Before the advent of movies and mass media, it was relatively easy to trace the influences of a writer. Whenever a writer came up with an interesting new idea in fiction, it wasn’t too difficult to find out what books he/she was likely to have had access to and which ones contained similar ideas.
Today, the world is as full of people bursting with the creative fires as ever. And as in previous centuries, they are influenced powerfully by the kind of media that surrounds them. But we are now dealing with people who have a burning desire to tell stories the only way they have access to- with words- despite being largely influenced by media other than books. They are, in their thousands, writing fiction that owes more to movies and video games than to any written fiction that has gone before. Some good, much bad, and many full of tropes and conventions that do not stem from any literary tradition.
So, in this brave new world where the kids get to exercise their imaginations, unfettered by the rules of taste or grammar, what exactly are they coming up with?
Common archetypes include:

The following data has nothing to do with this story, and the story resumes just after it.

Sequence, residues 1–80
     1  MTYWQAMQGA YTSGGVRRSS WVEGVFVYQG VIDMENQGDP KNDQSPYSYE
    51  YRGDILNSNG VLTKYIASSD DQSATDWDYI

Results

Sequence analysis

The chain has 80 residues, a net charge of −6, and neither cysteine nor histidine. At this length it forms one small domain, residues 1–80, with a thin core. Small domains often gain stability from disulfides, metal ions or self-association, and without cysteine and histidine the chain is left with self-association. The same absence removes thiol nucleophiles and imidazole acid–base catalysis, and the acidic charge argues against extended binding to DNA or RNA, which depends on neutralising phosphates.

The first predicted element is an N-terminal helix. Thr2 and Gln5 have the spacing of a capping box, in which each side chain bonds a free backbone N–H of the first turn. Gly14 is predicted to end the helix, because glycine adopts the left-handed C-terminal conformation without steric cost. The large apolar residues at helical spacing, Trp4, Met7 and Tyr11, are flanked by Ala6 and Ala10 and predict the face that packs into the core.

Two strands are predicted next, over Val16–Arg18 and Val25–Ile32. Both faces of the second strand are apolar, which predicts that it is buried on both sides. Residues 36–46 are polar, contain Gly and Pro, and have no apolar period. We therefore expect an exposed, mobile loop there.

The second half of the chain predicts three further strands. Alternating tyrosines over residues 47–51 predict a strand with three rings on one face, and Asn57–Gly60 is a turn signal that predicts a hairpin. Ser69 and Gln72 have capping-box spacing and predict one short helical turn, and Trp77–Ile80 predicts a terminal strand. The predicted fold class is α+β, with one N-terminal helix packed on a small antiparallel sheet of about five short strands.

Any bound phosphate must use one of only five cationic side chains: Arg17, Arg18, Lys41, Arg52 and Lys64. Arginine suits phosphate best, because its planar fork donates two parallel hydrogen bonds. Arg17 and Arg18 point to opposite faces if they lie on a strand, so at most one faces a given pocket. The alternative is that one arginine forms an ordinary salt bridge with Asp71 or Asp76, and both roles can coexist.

-teenagers who have super powers and are persecuted because of it. Very influenced by the first X-men movie and Heroes, and also by Harry Potter, though not as much as you’d think.
-many, many stories that begin with a teenager waking up in the morning, and then go into nauseating detail about what they're wearing and what their hair looks like, and what their home life is like. Its sometimes implied that they will be plucked from this normality into some exciting adventure, but these stories almost never get finished.
-thinly-veiled ripoffs of Alien and Alien-influenced horror/scifi.
-at the moment, lots of Twilight-themed paranormal romance.
In fact, romance period seems to make up a good chunk of the FB archive. I think it’s because of the high percentage of young female writers operating on the site. For example, to compare Twilight with other recent publishing phenomena like The Da Vinci Code and Harry Potter, they simply don’t compare. Professional publishing is still overflowing with DVC-influenced works, so obviously these ideas are in the public consciousness in a big way, but this hasn’t registered on the amateur circuit. Perhaps the teen writers aren’t interested in replicating the labyrinthine plots of these books, or the historical research. Harry Potter-influenced stuff too is strangely lacking, though HP himself is HUGE in the fanfic arena. I think its because readers and writers like the HP characters more than the ideas in the books, so there’s less impetus to produce homegrown ripoffs. Twilight, as even fans will admit, has rubbish paper-thin characters, but operates on a central idea that’s clearly very powerful to a certain demographic (something that’s been very worrying to a lot of us), and so has inspired countless imitations.
So that’s my two cents. Why not dive in yourself and see what you find? There are certainly a few diamonds in the rough.